Andrew V. McLaglen – McLintock! (1963)

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Plot:
John Wayne’s most popular film of the 60s is a broad, boisterous comedy-western loosely based on William Shakespeare’s The Taming of the Shrew. Wayne in his two-fisted best stars as a George Washington Mclintock, a middle-aged cattle baron (John Wayne) who has his hands full with his estranged wife (Maureen O’Hara) – she walked out on him 2 years ago without a word and has returned to get a divorce in order to move back to the east with their daughter,Becky (Stefanie Powers). Verbal fireworks explode, slapstick pratfalls bloom, and the Wayne-O’Hara “reconciliation” culminates with the biggest mud-hole brawl this side of the Mississippi. Patrick Wayne, Yvonne De Carlo, Chill Wills, Strother Martin and Jerry Van Dyke are among the dazzling supporting cast in this wild, raucous and hilarious western. Directed by Andrew V. McLaglen (Cahill U.S. Marshall). Continue reading

Anthony Mann – The Tin Star (1957)

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Synopsis
Veteran bounty-hunter Morg Hickman rides into a town in danger. The sheriff has been killed, and young inexperienced Ben Owens named a temporary replacement until a permanent can be found. Ben wants to be that permanent replacement, so needs to impress the townspeople with his skill. When he finds that Morg was a sheriff for a long time before he became a bounty-hunter, he asks the older man to teach him. Morg thinks that being a sheriff is a foolish goal, but agrees to instruct Ben in handling people, more important to a sheriff than handling a gun. Continue reading

Robert Aldrich – Apache (1954)

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Apache was based on Paul I. Wellman’s novel Broncho Apache, which in turn was inspired by a true story. Burt Lancaster plays Massai, a lieutenant of the great Apache warrior Geronimo (here depicted as an old man, played by Monte Blue). Though his tribe has signed surrender terms with the conquering whites, Massai refuses to do so. He escapes from a prison train and conducts a one-man war against the white intruders-and against some of his own people. Along the way, he claims Nalinle (Jean Peters), whom he previously regarded as a traitor to his cause, as his wife. John McIntire plays famed Indian scout Al Sieber, who-in this film, if not in real life-is sympathetic to the Indians’ plight and Massai’s single-purposed cause. The real-life counterpart to Massai was killed by Sieber’s minions after agreeing to call off the hostilies; United Artists objected to this, forcing producer/star Burt Lancaster to shoot an unconvincingly happy ending.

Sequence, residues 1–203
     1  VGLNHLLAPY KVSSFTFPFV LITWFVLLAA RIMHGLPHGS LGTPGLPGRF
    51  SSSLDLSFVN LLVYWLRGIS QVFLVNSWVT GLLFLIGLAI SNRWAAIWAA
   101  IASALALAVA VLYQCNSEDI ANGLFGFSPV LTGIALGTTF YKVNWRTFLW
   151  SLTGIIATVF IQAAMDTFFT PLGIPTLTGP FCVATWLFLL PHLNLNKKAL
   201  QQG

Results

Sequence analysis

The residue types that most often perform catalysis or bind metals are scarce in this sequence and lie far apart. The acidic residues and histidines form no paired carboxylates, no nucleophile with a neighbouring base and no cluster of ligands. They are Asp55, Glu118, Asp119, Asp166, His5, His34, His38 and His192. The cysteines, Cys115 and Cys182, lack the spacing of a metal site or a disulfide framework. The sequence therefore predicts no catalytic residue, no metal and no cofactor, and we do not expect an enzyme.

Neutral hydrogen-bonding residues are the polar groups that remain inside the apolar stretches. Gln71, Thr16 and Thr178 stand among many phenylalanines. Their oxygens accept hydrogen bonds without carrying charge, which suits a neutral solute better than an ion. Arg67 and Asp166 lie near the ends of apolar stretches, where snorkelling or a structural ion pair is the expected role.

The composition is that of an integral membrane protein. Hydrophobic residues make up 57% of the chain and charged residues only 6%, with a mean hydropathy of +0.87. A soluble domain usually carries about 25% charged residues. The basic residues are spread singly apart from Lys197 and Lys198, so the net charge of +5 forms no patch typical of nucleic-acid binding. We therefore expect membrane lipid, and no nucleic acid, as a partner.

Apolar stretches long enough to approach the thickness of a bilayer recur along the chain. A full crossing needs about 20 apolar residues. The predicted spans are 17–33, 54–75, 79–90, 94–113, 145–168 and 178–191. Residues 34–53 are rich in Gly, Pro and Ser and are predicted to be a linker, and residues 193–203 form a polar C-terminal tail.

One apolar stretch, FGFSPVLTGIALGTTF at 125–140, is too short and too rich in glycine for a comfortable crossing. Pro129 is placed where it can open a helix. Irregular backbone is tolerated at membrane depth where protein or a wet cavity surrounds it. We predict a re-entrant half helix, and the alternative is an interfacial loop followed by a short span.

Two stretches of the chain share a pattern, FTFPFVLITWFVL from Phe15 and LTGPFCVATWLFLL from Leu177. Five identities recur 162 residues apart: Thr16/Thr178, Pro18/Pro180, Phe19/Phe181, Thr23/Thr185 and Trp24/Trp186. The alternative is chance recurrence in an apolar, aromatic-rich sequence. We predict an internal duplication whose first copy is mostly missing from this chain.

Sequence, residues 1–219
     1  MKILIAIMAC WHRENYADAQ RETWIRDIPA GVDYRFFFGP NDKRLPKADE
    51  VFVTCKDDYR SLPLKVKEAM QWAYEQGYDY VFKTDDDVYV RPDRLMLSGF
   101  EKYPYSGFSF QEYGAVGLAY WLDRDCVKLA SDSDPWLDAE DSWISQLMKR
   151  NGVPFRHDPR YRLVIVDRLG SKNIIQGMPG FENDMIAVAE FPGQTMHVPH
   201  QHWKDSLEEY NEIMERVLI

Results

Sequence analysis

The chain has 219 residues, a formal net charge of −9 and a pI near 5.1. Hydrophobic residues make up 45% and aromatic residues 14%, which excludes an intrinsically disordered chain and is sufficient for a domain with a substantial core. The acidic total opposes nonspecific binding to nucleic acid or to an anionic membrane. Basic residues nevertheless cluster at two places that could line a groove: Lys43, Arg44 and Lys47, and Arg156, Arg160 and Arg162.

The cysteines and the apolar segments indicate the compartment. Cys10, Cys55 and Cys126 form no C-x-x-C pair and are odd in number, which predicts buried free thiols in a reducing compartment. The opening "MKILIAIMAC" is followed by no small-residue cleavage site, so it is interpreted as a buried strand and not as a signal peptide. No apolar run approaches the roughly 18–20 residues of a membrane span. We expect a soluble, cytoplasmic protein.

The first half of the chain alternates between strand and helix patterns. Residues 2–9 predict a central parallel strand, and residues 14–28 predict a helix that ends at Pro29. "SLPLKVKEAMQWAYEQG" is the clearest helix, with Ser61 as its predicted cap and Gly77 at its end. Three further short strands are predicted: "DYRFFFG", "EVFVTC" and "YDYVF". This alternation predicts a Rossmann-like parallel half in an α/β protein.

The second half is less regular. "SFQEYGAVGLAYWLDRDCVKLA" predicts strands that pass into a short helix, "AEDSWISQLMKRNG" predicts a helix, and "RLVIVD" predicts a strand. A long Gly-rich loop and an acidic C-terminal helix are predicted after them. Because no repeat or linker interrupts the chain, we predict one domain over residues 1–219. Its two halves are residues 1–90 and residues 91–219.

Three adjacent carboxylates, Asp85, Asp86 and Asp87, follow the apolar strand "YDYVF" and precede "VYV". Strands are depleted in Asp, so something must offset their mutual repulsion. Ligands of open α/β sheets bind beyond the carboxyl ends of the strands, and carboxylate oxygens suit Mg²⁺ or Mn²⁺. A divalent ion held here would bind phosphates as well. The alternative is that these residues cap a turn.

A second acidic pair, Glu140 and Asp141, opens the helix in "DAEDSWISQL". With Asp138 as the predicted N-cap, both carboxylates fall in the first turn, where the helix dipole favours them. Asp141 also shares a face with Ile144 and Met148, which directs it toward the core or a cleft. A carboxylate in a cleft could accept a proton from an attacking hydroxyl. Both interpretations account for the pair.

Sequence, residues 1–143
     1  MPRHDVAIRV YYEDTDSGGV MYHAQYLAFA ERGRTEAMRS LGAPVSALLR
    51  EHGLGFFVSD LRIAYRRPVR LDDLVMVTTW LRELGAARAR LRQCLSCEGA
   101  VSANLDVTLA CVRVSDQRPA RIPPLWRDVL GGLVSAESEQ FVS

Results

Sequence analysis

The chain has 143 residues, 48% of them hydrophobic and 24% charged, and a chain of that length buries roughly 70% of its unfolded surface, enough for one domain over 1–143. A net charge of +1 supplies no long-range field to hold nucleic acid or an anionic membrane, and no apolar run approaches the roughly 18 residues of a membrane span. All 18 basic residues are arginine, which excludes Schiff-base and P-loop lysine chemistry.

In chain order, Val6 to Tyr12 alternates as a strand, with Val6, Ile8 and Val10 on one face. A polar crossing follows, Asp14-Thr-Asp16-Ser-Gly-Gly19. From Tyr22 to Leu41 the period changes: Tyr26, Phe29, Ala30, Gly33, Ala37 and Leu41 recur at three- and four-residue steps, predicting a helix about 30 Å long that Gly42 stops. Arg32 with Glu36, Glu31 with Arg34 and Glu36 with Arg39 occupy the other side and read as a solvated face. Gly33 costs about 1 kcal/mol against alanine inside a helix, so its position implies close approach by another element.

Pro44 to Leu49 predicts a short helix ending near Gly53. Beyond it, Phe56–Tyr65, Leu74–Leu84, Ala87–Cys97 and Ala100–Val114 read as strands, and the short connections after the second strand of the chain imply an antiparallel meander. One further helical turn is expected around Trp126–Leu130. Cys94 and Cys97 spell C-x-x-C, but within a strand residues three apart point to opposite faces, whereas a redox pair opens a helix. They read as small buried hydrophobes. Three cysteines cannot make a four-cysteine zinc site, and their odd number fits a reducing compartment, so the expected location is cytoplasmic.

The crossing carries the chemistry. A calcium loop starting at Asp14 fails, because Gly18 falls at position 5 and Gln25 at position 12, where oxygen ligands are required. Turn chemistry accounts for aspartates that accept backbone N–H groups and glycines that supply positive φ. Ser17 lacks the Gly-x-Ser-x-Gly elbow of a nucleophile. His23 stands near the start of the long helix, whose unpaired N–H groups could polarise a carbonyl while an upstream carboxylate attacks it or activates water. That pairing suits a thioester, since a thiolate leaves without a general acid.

Hal Erickson, All Movie Guide Continue reading

Arthur Penn – The Missouri Breaks (1976)

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Synopsis from Timeout.com:
A wonderfully quirky Western, brilliantly scripted by Thomas McGuane, which strips all the cute whimsy away from the Butch Cassidy theme (outlaws on the run from a relentless lawman), replacing it with a kind of pixillated terror. Playing the ‘regulator’ as a camp Buffalo Bill with an Irish accent, Brando makes his entrance playing peekaboo from behind his horse, and at one point even stalks his prey in a dress and poke bonnet. But he is also a legalised killer, expert with a rifle but preferring (as the flail of God) to use a harpoon shaped like a crucifix. And as his gloating sadism shades into hints of bizarre perversion when he dedicates a love song and a kiss to his horse, the tone gradually darkens to a kind of horror. It’s one of the few truly major Westerns of the ’70s, with a very clear vision of the historical role played by fear and violence in the taming of the wilderness. Continue reading

John Ford – The Iron Horse [US Version] (1924)

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allmovie wrote:
David Brandon (James Gordon) is a surveyor in the Old West who dreams that one day the entire North American continent will be linked by railroads. However, to make this dream a reality, a clear trail must be found through the Rocky Mountains. With his boy Davy (Winston Miller), David sets out to find such a path, but he’s ambushed by a tribe of Indians led by a white savage, Peter Jesson (Cyril Chadwick); while the boy manages to escape, David is killed. Years later, the adult Davy Brandon (George O’Brien) still believes in his father’s dream of a transcontinental railroad, and legislation signed by President Abraham Lincoln has made it an official mandate. Davy is hired on as a railroad surveyor by Thomas Marsh (Will R. Walling), the father of his childhood sweetheart Miriam (Madge Bellamy). While Davy hopes to win Miriam’s heart as he helps to find the trail that led to his father’s death years ago, he’s disappointed to discover that Miriam is already married — and shocked to discover her husband is Peter Jesson, now working with the railroad as a civil engineer. As the Union Pacific crew presses on to their historic meeting at Promitory Point, Davy must find a way to earn Miriam’s love and uncover Peter’s murderous past. Continue reading